The main cause of the argument is his occasionally curious choices of formations and plays. The Texas coaching staff admitted that the Texas running game would need to be completely overhauled in the off-season and at times it seems that the staff was not using its personnel to the fullest of their potential. But at the same time, Davis, as Texas' quarterbacks coach, guided a redshirt freshman to the Longhorns' single season passing TDs record.
Talent well-developed (and quite quickly I might add), but improperly utilized.
Because of the exact nature of each of his relative advantages and disadvantages, Davis, while having great successes and great failures as an offensive coordinator, will become a great head coach when he finally leaves Texas.
The quick and easy refutation to my argument is:
"But Ross, wasn't Greg Davis already a head coach? And wasn't it an absolute disaster?"
Davis was promoted from wide receivers/assistant head coach to head coach at Tulane in 1988 when Mack Brown left for North Carolina. In his three seasons at Tulane, Brown had taken a 1-10 team to a winning record in 1987 (6-5). When Davis was given the job, he steadily took a team with a winning record to 1-10.
You can see almost a perfect arch in the level of Tulane's success over those seven seasons, which concluded with Davis' firing. Observe:
Under Mack Brown:
1985 – 1-10
1986 – 4-7
1987 – 6-5
Uner Greg Davis:
1988 – 5-6
1989 – 4-8
1990 – 4-7
1991 – 1-10
Now, there are a wide variety of factors that contributed to the collapse, but facts are facts. The team steadily declined under Davis.
But the young Davis was really in over his held with a relatively untalented Tulane squad that an assistant coach with no collegiate head coaching experience wasn't going to fix.
Much has changed since then. He's accomplished some very impressive things while at Texas and each of them are key to being the head coach of a successful program.
He's a great developer of talent, with two starting quarterbacks in the NFL and the non-sensically fast development of Colt McCoy. He's an honest person who does a spectacular job of communicating. He's a good manager of people and his players genuinely like him. He's also shown aggressiveness in many situations that are important for a head coach to be aggressive in, such as always attacking deep after getting a turnover.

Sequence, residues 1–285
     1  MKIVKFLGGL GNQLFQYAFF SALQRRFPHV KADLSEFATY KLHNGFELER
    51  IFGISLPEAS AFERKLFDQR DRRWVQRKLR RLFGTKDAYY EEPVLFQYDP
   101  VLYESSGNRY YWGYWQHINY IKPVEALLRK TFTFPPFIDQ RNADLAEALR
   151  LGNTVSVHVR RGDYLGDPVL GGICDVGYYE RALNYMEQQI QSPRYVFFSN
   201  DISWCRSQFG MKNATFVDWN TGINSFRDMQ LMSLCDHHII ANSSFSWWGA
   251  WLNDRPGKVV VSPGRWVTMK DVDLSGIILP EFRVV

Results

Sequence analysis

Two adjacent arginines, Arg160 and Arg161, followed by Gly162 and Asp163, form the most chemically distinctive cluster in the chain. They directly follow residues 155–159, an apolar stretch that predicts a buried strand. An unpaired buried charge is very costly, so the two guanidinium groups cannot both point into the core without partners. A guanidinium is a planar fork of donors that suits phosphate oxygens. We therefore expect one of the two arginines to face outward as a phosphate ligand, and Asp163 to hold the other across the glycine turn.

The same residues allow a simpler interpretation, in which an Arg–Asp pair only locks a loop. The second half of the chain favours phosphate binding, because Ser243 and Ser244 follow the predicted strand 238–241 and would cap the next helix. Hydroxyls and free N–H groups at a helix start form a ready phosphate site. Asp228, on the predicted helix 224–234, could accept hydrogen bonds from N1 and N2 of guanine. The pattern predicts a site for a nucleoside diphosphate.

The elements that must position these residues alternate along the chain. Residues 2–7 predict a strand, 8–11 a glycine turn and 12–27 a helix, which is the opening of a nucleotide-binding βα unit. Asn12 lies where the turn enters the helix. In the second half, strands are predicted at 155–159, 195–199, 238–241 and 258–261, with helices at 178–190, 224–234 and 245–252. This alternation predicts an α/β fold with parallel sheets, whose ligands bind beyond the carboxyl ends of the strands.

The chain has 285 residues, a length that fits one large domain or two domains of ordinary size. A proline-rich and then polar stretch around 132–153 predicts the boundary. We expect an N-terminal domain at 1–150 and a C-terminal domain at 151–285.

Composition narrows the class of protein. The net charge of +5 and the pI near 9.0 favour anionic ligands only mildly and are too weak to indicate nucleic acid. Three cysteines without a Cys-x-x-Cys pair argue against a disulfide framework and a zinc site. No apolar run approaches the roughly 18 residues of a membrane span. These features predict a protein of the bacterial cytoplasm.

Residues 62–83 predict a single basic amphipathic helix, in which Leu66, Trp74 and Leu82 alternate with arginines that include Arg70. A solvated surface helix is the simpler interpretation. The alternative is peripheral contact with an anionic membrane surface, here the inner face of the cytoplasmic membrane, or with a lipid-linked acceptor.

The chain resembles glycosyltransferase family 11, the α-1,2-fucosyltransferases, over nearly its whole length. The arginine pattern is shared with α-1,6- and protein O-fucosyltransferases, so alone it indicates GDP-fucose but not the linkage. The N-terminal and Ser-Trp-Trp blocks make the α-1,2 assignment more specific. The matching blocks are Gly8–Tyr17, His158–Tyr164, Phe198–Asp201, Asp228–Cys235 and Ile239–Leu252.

Proponents of Davis point to mind-bogglingly impressive statistics year after year. Equally valid, opponents point to wide receiver screens in the red zone and swing passes on 3rd and 8 that go nowhere. But the assumption is that Davis wouldn't be calling plays as those responsibilities should fall to his offensive coordinator at his new job.
In essence, the primary complaint against Davis at Texas wouldn't be a factor if he's a head coach because it would fall outside his responsibilities.
Most importantly, he's now been under Mack Brown, one of the greatest managers of a program in all of college football, for 14 years.
Interest in Davis has primarily been lukewarm. He's been contacted, but not by any program that has sparked his interest. Becoming a head coach again is something Davis would like to do, but said it would have to be the "right situation."
His "right situation" is going to have to be somewhere in between the lower tier programs he's been contacted by and the higher tier ones he's expressed interest in, but when he finally does find that middle ground, many Texas fans will be surprised at how good as a head coach he really will be.